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AUCTION 21

October 26, 2007

Early Examples of New World Printing

167. [MEXICAN INCUNABULUM]. Printed power of attorney form accomplished in manuscript and signed, from Alonso Cano de Villegas, resident of Puebla, to Francisco Ruiz, in Puebla, 29 April 1567. [First line recto] ¶ Sepan quantos esta carta vieren como yo [first line of text] paraque por mi y en mi nombre podaya pedir y demandar auer recebir y cobrar [last line recto] quieran mi presencia o mas especial poder otro si vos doy este dicho poder para [first line verso] que ê vuestro lugar y ê mi nombre podays hazer & sostituyr este poder en vna per [last line verso] la clausula judicium sisti iudicatum con sus clausulas acostumbradas. [Mexico City: Pedro Ocharte, ca. 1562?]. Folio (sheet size: 32 x 22 cm; recto imprint area: 22.3 x 15.5 cm; verso imprint area: 4.5 x 15.5 cm), [2] pp., gothic type, 35 lines of text on recto, 9 lines of text on verso. Numbered “486” in contemporary ink at top right recto. Except for light marginal chipping at lower blank margin and a few wormholes affecting a few letters, very good.

            Because of Spanish and Mexican administrative and legal requirements, formularies such as the present imprint were probably a common form of job printing in sixteenth- and seventeenth-century Mexico. Unless the formulary became outdated, the form would have been useful for years after it was printed. Such ephemeral printing in Mexico is basically undocumented. Another example of the present form is noted by Szewczyk & Buffington (39 Books and Broadsides Printed in America before the Bay Psalm Book: In Celebration of the 450th Anniversary of the Introduction of Printing in the New World #6).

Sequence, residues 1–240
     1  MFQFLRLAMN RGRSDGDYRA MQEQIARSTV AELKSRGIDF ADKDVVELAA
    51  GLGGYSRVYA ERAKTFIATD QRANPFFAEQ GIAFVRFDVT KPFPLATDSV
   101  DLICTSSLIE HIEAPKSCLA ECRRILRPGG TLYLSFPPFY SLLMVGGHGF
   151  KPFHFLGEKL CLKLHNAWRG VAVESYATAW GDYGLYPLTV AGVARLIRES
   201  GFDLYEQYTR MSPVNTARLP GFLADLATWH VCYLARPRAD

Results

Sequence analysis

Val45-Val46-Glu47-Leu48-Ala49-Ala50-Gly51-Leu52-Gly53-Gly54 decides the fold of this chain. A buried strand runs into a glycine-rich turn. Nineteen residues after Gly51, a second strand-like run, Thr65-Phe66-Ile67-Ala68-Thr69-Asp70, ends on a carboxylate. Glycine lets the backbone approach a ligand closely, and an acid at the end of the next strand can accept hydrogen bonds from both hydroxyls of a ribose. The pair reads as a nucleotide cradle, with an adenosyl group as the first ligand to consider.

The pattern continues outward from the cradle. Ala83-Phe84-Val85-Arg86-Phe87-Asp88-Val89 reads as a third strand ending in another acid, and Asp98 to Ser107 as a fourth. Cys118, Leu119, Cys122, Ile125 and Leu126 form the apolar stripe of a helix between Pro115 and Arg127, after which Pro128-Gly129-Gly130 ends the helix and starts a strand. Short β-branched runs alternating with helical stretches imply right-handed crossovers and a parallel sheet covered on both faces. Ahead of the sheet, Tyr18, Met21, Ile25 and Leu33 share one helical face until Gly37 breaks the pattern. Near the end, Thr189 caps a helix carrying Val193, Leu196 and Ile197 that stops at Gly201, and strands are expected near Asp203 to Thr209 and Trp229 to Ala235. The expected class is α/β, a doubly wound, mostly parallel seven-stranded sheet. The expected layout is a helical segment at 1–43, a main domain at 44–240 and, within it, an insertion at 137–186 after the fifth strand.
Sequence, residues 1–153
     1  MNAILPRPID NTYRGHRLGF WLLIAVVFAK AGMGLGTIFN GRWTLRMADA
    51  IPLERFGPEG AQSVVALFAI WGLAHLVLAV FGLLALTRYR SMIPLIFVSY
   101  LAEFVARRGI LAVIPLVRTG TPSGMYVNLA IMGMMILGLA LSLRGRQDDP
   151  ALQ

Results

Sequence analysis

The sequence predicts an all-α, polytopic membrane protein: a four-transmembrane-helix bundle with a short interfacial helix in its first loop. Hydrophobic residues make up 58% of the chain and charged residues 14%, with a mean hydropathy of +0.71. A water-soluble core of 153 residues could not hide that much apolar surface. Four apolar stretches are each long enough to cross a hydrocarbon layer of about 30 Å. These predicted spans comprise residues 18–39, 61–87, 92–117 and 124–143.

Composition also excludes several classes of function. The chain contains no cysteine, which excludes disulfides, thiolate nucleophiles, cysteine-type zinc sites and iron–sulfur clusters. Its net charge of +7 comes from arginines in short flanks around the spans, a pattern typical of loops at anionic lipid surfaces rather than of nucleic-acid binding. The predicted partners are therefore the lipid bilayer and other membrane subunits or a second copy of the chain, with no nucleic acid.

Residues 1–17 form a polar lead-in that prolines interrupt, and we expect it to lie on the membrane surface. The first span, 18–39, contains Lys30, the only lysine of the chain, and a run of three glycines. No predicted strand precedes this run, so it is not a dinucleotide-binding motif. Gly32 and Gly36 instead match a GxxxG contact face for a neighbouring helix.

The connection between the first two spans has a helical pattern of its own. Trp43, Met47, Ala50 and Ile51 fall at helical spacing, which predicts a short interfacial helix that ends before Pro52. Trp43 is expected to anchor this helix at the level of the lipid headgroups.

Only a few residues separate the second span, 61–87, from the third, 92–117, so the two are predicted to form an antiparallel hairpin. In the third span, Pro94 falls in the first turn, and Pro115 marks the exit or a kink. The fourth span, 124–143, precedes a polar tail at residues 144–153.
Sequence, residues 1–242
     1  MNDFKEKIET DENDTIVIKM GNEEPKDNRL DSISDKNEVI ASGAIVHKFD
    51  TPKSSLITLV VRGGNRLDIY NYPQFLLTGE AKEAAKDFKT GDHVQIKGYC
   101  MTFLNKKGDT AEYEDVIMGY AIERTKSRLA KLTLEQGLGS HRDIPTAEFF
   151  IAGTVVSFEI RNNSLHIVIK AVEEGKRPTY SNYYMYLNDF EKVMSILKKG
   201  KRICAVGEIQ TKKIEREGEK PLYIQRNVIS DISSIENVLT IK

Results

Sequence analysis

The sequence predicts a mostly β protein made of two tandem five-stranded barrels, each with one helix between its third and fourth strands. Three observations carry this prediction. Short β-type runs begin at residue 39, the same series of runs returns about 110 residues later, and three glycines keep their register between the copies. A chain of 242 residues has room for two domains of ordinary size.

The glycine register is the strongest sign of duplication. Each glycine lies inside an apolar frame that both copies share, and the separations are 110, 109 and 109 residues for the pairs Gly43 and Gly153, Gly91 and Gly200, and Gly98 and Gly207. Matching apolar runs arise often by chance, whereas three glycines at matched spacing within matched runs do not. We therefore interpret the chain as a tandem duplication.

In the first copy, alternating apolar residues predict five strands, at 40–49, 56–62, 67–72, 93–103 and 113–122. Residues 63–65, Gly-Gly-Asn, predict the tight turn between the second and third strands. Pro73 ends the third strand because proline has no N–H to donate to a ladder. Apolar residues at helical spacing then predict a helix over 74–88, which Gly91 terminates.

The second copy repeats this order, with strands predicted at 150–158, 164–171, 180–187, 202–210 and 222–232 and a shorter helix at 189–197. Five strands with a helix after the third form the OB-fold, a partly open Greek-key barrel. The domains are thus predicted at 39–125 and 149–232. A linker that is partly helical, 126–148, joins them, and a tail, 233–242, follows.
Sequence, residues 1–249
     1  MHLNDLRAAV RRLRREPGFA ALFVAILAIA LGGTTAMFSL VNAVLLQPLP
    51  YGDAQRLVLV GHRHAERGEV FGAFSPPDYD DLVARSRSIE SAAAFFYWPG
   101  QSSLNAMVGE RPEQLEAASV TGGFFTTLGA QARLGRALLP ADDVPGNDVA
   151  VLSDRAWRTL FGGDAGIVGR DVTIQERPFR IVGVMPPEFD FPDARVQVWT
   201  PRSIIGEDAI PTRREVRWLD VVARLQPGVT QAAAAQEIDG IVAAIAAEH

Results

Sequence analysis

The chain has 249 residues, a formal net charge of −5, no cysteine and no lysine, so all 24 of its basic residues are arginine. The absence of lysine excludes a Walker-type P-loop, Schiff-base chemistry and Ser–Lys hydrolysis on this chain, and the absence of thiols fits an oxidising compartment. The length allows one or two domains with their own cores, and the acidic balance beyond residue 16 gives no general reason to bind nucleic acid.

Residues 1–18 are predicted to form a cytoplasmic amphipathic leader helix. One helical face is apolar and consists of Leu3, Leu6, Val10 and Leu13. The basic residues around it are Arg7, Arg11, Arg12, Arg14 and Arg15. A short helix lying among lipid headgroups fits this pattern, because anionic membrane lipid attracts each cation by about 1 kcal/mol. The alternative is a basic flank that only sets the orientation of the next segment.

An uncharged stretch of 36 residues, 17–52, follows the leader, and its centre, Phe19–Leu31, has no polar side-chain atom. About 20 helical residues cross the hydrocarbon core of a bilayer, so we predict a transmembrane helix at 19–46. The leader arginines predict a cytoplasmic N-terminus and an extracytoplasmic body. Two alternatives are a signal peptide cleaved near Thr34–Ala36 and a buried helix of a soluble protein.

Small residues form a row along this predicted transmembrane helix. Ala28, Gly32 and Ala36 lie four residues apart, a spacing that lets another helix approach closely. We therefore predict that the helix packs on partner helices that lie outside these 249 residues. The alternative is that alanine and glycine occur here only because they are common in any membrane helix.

Although printing did not commence in British North America until 1639 in Cambridge, it had begun in Mexico a century earlier with Juan Cromberger, whose firm printed until 1547. The present form was printed with type employed by Juan Pablos de Brescia, among the earliest printers in the Western Hemisphere, and possibly printed by him prior to his death in the summer of 1561, but generally attributed to his son-in-law Pedro Ocharte (1532-1592?). Thompson, Printing in Colonial Spanish America, pp. 23, 27-28: “Upon [Juan] Pablos’ death...his press passed to Pedro Ocharte...born in Rouen about 1532. He probably arrived in Mexico about 1549. In 1561 or 1562 he married María de Figueroa, daughter of Juan Pablos, and the first imprint that bears his name is 1563.... Ocharte’s gallic esprit probably annoyed the intolerant minions of the Inquisition more than any overt heresy, and there is a hiatus of six years, from 1572 to 1578, when no major work came from his shop. Between 1572 and 1574, when Ocharte was actually incarcerated, his wife [María de Sansoric] valiantly supervised the printing.... In 1576 he collaborated with Espinosa.... Ocharte resumed independent printing in 1578 with the publication of an Arte en lengua zapoteca of Fray Juan de Córdoba and the Doctrina christiana en lengua mexicana by Fray Alonso de Molina....His last publication was Agustín Farfán’s Tractado brebe de medicina (1592).” ($1,200-2,400)

Sold. Hammer: $1,200.00; Price Realized: $1,410.00

Auction 21 Abstracts

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